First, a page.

The film supposedly began under the working title The Frog Princess and the princess’ name began as Maddy. Maddy was originally listed on the casting call sheet as a “chambermaid.” However, the film title was changed to The Princess and The Frog and supposedly the princess’ name was changed to Tiana. Tiana’s occupation was also reportedly switched from chambermaid to waitress.
But it seems that Disney is denying the claim that the information was switched. In a press release, the Disney PR department said:
…There is incorrect information being circulated about Disney’s 2009 motion picture The Princess and the Frog (whose previous working title was The Frog Princess)
The central character is a young girl named Princess Tiana. The story takes place in the charming elegance and grandeur of New Orleans’ fabled French Quarter during the Jazz Age . . . Princess Tiana will be a heroine in the great tradition of Disney’s rich animated fairy tale legacy, and all other characters and aspects of the story will be treated with the greatest respect and sensitivity.
This American fairy tale is several years away from completion and the creative process is ongoing . . . unfortunately much of the information that has surfaced, including the casting breakdown . . . is inaccurate. When we do casting calls we frequently use substitute information as we don’t want details out about the movies. Therefore that information you have is incorrect.
One thing Disney does admit was that the title was changed. It has been argued that the new title was chosen because it has been perceived as less derogatory to black women because it does not imply that the princess is in some way ugly. Many people believe that the name and occupation were in fact changed due to a media outcry against racism in the film. Some critics noted that the name “Maddy” calls to mind the word “Mammy,” an offensive stereotype of African American women. And the portrayal of “Maddy” as a chambermaid for a spoiled white girl was considered insulting. The name may have in fact been changed due to this outcry, and many people seem to agree that the new name for the princess is more fitting because it is more regal and “ethnic” sounding.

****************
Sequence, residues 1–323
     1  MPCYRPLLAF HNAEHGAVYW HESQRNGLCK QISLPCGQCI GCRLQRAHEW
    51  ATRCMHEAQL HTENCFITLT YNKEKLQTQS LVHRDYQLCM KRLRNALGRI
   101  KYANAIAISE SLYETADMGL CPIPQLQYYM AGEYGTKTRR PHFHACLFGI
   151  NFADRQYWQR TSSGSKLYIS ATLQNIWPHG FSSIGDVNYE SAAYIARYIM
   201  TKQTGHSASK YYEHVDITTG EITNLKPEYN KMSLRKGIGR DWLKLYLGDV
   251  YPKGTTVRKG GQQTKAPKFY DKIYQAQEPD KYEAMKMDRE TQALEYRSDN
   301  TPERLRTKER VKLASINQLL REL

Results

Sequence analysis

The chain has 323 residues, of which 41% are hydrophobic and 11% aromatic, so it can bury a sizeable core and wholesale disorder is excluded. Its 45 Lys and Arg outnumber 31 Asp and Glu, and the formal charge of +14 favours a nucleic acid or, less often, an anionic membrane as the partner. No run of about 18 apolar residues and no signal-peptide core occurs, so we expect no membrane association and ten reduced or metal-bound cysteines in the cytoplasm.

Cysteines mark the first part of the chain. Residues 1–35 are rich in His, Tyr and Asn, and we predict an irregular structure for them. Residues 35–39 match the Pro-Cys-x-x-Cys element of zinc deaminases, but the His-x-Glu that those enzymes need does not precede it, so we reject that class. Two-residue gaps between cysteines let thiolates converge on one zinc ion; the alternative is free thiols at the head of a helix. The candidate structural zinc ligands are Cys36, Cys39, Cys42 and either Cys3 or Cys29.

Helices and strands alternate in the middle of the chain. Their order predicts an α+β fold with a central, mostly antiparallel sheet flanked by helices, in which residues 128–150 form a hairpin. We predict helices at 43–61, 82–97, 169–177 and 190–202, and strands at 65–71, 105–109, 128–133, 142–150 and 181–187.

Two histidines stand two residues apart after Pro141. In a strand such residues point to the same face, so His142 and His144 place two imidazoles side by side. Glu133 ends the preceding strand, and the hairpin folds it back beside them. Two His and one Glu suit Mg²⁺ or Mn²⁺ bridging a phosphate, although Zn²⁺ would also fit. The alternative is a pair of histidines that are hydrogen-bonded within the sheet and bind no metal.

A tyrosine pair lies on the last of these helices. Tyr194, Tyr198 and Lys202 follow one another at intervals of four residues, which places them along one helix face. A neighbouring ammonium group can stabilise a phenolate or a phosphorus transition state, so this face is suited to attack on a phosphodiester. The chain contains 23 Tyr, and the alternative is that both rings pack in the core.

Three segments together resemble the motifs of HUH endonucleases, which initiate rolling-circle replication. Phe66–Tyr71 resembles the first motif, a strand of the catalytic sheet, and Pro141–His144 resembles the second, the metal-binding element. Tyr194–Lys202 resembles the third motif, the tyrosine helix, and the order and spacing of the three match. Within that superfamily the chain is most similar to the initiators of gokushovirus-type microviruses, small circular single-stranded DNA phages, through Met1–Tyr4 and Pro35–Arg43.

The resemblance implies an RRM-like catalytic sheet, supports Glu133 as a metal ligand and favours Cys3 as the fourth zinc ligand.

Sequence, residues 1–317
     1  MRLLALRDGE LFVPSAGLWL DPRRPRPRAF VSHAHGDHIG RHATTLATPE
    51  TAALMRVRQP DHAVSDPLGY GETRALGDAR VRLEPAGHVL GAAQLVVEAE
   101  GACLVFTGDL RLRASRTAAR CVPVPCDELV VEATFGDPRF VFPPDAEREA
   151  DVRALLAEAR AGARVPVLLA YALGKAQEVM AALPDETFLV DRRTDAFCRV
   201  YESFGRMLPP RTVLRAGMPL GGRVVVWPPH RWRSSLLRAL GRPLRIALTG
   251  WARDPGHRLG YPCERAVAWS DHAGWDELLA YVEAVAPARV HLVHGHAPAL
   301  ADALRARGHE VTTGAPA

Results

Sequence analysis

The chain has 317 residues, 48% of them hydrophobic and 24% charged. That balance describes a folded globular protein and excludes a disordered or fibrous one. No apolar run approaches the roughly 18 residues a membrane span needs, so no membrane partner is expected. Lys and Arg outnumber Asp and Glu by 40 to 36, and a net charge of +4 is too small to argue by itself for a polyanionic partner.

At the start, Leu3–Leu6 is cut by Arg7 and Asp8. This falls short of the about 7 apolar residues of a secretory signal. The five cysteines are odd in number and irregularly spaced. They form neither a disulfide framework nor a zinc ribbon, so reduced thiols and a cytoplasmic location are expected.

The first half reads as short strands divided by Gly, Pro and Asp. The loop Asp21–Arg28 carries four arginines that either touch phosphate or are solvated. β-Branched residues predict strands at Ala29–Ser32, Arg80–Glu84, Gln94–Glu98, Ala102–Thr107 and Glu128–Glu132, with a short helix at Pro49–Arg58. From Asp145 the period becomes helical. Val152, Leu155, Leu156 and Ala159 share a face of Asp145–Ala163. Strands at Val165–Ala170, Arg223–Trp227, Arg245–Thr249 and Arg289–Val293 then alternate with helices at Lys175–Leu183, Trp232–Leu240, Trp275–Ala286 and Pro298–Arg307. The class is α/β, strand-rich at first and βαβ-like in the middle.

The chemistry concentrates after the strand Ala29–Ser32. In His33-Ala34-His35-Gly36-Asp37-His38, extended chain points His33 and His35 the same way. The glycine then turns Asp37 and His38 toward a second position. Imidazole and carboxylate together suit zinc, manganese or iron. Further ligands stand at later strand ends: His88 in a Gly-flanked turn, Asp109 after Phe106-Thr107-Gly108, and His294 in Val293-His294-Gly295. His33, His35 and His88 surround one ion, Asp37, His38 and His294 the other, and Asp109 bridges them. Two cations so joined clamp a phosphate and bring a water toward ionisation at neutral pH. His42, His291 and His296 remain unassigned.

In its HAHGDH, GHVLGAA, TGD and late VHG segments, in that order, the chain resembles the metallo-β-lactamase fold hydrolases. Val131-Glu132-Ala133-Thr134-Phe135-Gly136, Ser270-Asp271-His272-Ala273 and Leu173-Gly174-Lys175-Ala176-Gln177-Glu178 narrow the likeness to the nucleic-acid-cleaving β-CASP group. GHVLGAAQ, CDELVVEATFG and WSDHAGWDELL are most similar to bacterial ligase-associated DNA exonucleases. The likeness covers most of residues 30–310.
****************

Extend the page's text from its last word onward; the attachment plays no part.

In reaction to the film’s preliminary information, Jennifer Daniels from BET wrote:
As it turned out, my ‘Boys’ could write a better story than this.
Our plucky young Black protagonist, Maddy, as a chambermaid. There’s also a plantation owner, two practitioners of voodoo – one a Magical Negro, the other a villain – a singing alligator, and score by the whitest White man to ever rest his head in the Big Easy, Randy Newman. (Were the Neville brothers & Harry Connick, Jr., busy?). Knowing Disney, I’m sure there’s a dead parent somewhere in the mix. The living parent, Maddy’s mother Eudora, is also a maid. Somebody turns into a frog. Oh, and the prince is White.
…A movie like The Frog Princess, with its touching tale of a po’ Black chile (sic) being rescued from the Big Black Voodoo Daddy by a great White hope in the pre-Civil Rights Movement South not only offensive and ignorant of history, but highly insensitive as well.
It does seem that many people do consider the presentation of a black princess in a Disney movie to be a long overdue bit of progress, even if the portrayal might be problematic. But some have been hailing the film with headlines such as “Princess Maddy Repairs Disney’s Racist Reputation.” This is taking it more than a little bit too far. Simply having a black heroine (who of course conforms to standards of beauty and thinness) and a Latino (maybe?) prince (who is buff, handsome, and strong looking of course) does not mean that the film is racism-free. And of course the couple is heterosexual!
William Blackburn from the Charlotte Observer stated: